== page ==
Port Everglades says it needs additional federal and state funding for infrastructure improvements so it can handle the larger vessels north-south carriers are plying on the trade lanes the port depends on.
The US Army Corp of Engineers in February awarded $29.1 million toward the construction of a new facility at the US Coast Guard Station at Everglades, which is part of a $437 million project to widen the inner harbor and dredge to 48 feet, which could be completed by 2026. But President Donald Trump did not include Port Everglades in his fiscal year 2021 budget, so the port authority will once again lobby the Corps to fund the $235 million federal share.
“Historically what we've been told is that once there's an initial investment in a project, the likelihood of getting additional funding is much higher,” Glenn Wiltshire, interim CEO of Port Everglades, told JOC.com.
Wiltshire assumed the interim role in March 2019 after the death of Steven Cernak. Jonathan Daniels will take over Wiltshire’s duties overseeing these upgrades after being named new CEO on May 20. Daniels has been the executive director of Gulfport, Mississippi, since 2013.
Daniels primary job will be to grow trade, which requires Port Everglades to remove the impediments blocking the handling of full vessels, multiple vessels, and two-way traffic in the channel. The necessary improvements include longer berth space and wider turning basins and channels.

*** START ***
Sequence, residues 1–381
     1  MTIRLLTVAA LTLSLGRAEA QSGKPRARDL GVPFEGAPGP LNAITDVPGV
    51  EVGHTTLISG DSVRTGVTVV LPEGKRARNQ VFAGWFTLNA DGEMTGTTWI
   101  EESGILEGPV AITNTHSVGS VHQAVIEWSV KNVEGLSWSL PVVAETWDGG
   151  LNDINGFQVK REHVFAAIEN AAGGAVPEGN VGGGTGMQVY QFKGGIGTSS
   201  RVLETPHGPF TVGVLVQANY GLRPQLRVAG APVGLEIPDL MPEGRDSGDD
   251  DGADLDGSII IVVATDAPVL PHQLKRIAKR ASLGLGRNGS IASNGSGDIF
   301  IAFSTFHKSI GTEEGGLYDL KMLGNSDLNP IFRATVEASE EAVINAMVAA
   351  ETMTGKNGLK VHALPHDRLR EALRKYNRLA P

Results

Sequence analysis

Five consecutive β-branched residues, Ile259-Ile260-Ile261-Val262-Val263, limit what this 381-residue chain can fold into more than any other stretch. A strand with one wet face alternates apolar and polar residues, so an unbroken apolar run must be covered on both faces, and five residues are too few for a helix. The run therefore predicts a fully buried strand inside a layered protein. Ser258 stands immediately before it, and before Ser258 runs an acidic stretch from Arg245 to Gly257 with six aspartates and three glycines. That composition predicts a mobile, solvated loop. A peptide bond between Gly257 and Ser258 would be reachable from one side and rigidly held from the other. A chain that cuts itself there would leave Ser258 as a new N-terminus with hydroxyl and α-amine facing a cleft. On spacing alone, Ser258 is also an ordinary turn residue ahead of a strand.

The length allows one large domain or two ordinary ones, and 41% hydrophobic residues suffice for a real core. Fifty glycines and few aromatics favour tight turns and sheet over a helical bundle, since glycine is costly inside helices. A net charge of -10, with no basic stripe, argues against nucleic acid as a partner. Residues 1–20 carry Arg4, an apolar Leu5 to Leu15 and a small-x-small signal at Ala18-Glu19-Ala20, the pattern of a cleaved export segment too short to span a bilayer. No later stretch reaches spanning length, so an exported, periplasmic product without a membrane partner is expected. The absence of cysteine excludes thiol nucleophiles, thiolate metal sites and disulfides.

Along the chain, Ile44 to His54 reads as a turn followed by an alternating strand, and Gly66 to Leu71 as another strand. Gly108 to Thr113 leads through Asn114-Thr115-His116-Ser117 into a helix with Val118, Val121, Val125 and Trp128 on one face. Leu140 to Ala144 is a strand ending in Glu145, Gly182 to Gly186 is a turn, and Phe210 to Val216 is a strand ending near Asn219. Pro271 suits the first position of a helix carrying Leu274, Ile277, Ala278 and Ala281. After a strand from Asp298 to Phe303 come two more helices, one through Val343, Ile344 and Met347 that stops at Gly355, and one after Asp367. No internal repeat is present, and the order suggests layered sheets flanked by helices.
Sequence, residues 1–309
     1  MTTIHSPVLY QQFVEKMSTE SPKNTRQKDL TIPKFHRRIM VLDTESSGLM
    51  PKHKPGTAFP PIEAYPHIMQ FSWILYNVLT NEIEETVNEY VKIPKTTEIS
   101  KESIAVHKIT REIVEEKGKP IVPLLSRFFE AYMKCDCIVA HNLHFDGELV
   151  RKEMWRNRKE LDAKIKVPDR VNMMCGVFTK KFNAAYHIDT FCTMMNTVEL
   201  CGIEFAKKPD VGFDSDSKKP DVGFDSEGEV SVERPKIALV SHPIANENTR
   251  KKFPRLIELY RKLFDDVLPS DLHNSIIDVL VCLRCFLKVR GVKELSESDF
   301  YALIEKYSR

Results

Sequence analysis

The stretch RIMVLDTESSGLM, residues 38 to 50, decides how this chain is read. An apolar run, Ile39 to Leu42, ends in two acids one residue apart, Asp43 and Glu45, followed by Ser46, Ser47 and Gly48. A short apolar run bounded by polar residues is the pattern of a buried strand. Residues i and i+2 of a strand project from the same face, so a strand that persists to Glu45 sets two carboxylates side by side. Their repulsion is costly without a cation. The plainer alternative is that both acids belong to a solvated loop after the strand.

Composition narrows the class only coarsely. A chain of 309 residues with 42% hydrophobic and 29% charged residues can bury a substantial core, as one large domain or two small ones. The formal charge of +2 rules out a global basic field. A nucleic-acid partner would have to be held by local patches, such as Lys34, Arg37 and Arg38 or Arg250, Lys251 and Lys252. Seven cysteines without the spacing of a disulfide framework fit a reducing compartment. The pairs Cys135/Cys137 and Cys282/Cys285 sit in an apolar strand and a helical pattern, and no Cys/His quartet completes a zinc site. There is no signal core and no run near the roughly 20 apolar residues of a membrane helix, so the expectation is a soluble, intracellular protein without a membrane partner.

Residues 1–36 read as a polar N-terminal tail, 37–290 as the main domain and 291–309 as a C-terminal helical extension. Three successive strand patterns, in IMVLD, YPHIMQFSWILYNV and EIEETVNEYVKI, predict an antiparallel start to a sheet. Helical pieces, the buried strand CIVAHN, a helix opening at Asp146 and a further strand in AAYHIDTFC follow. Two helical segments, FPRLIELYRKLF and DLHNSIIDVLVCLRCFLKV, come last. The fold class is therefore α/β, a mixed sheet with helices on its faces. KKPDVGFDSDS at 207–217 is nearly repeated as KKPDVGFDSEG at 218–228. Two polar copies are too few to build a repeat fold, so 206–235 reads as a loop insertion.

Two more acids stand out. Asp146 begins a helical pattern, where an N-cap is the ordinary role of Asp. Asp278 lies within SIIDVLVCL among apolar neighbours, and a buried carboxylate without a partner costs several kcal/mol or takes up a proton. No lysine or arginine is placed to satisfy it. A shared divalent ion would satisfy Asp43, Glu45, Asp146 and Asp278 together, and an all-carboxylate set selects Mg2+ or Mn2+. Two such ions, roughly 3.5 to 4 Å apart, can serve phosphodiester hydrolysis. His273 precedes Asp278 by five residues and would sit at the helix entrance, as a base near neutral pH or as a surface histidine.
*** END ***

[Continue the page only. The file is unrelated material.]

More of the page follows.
Those upgrades are critically important for the 8,000 to 10,000 TEU vessels ocean carriers would like to send into Everglades on their European routes. The average vessel size calling the port now is only 4,500 TEU, due in part to the infrastructure limitations, the Port Everglades Authority said. Most of the European vessels are just under 1,000 feet long, with a beam of 130 to 140 feet. They have to come in lightly loaded given the 42-foot inner channel depth and because the ship-to-shore cranes cannot lift heavy containers or boxes stacked too far out on the larger vessels.
Terminal operators ask larger vessels to anchor outside the harbor when there is a cruise ship present because there isn’t enough space to navigate the two side-by-side.
“Those larger ships are well aware of these restrictions, but it adds a complication and adds a cost,” Wiltshire said. “So we want to remove those impediments.”
Capital spending still a go despite tough times
The attempt to win additional funding for these infrastructure projects comes at a difficult time for the port. First quarter laden volume was down 3 percent year over year, according to PIERS, a sister product of JOC.com within IHS Markit. The port authority hasn’t released April numbers, but port officials expect a double-digit decline.
Volume in 2019 dropped nearly 12 percent year over year, reaching a four-year low with 724,208 laden TEU, according to PIERS.
Everglades’ first quarter is in line with other US Southeast and mid-Atlantic ports struggling through the COVID-19 pandemic and resultant recession.
Charleston was the only port with growth in the first quarter, up just 0.6 percent versus the same quarter a year ago, according to PIERS. Volume fell 5.5 percent in Savannah, 5.1 percent in Virginia, 9.9 percent in Jacksonville, and 2.2 percent in Miami.